Is this what Jesus had in mind when he said, “Come follow me”?

Are we carrying the same passion and call Jesus did when he walked the earth? Is his burden our burden?

Are you following Jesus empty handed?

Adapted from Barefoot Christianity coming next Tuesday!



Direction is an odd thing. The direction of a situation offers a completely different perspective of a situation.

Chaos and disorder can be on one side of the street. However, across the street can be an entirely dissimilar view of an exactly identical and hectic situation. It’s not a new situation but a new perspective.

I came to this reality in a very personal way while sitting in a group at the home of a friend. Around the circle, we begin discussing dates that meant something personal or special to us. Myself and another in the group had the same date. This date to me offered acceptance and hope; it was a day of love. For him it offered a completely different view, the day was occupied with destruction and heartbreak.

That instance to me was an eye opening moment; I had not previously thought of how two people in similar parts of town could experience two completely different days on the same day.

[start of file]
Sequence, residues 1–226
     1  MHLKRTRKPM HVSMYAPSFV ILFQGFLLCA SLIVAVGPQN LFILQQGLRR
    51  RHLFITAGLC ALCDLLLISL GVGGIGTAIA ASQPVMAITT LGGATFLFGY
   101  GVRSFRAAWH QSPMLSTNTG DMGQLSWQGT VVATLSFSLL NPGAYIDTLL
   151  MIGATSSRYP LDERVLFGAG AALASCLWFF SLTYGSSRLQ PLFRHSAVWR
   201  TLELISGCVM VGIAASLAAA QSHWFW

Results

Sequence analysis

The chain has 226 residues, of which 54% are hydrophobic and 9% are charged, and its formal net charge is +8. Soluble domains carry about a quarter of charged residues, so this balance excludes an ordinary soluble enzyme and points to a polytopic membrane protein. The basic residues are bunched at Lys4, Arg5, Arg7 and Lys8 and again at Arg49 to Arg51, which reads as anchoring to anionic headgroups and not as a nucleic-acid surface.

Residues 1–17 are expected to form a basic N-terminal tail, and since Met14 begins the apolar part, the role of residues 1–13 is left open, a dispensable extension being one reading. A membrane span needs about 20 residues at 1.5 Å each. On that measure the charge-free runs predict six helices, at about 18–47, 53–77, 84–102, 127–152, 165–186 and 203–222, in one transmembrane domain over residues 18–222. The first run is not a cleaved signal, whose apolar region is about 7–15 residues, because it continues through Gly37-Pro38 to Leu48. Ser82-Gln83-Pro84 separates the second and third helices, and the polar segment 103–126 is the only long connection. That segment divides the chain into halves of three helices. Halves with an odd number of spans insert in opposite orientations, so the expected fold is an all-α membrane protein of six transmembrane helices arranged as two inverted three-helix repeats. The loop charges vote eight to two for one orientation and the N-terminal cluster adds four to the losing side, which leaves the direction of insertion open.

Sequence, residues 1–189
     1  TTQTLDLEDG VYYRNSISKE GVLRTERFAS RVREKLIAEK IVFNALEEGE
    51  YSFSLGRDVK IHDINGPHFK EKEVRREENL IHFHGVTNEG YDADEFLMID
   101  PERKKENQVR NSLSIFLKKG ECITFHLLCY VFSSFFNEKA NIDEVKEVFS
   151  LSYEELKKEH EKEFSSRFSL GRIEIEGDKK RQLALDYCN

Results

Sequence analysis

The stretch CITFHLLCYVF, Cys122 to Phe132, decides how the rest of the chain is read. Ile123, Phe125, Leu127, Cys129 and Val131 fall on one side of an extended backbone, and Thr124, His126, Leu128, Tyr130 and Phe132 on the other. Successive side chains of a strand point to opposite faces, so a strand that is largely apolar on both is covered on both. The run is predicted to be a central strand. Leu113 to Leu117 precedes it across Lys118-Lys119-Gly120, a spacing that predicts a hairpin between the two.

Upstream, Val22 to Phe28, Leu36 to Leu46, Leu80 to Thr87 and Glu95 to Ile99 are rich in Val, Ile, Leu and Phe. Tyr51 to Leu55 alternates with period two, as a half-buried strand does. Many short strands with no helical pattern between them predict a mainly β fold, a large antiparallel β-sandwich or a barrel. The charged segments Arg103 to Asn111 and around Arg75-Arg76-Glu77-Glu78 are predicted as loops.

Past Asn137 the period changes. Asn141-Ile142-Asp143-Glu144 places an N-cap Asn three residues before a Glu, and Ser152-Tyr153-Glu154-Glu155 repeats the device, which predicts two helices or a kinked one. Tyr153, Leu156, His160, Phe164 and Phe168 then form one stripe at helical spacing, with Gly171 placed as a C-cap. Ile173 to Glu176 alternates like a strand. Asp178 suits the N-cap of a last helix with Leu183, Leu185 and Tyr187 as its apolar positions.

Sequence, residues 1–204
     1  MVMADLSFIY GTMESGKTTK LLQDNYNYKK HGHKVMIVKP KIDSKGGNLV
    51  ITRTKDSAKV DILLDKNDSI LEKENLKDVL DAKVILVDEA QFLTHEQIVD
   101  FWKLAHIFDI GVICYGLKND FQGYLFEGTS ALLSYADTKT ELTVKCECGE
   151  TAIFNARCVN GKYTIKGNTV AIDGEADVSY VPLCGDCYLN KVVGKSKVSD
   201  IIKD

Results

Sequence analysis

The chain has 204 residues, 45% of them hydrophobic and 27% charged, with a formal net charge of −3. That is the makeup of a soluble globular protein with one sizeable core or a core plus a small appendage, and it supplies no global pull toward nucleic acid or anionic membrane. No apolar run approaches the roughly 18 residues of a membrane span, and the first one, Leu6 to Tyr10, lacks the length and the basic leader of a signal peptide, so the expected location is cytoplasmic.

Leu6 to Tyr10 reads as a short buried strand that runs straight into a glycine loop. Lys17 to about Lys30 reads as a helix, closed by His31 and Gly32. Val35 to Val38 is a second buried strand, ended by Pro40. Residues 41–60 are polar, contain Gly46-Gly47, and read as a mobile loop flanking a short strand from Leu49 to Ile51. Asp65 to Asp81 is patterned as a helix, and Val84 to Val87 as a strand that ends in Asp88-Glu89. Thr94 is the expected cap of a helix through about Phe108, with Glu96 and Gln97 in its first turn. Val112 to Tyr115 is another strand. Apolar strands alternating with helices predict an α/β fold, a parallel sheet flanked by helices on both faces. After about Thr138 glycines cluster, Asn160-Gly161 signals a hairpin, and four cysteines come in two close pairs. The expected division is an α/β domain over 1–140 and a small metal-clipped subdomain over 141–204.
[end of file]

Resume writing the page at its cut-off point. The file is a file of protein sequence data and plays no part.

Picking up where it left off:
In one moment Peter a disciple of Jesus hears a voice calling out his name. Water shoving its way into his mouth, rain hitting his head so fierce that he thinks he just might not make it through. Faintly his ears are overcome by the sound of hope calling out his name from inside the boat.

We’ve played over this scenario many times in Christendom; the picture is carved onto Bibles and painted by some of the greatest artist. Some of the greatest sermons and literary works were carved in Christian History by men of God searching into the heart of this passage.

We are always caught into this moment with Peter as he fell into the water fearing for his life, calling out the name of one of his best friends, Jesus.

I know what you’re thinking. This story seems oddly familiar. However despite the over-publicized doubt of Peter I honestly believe that we all have faced this moment; a moment of uncertainty, a moment of doubt or a time when the storm was more powerful than you anticipated.

I think it’s important to note the whereabouts of Jesus during Peter’s life crisis. Jesus is with him. Jesus is in the midst of this storm. The savior is on the water, in a place of exposure and vulnerability. He is there in our mess, in the middle of our storm. His Glory is intercepting our humanity, writing on our heart, “here lies Jesus.”

We can have these moments to experience God’s Glory during these good and amazing moments, but we can also experience God’s Glory on a boat in the middle of a storm. The beautiful revelation we gain is that God is still in the midst of the storm with us.

Is there a better story?

This is incredible. It’s life-changing. It’s mind-boggling. He is right, there; no matter what direction, no matter what perspective.
**An Expert from the upcoming book, Barefoot Christianity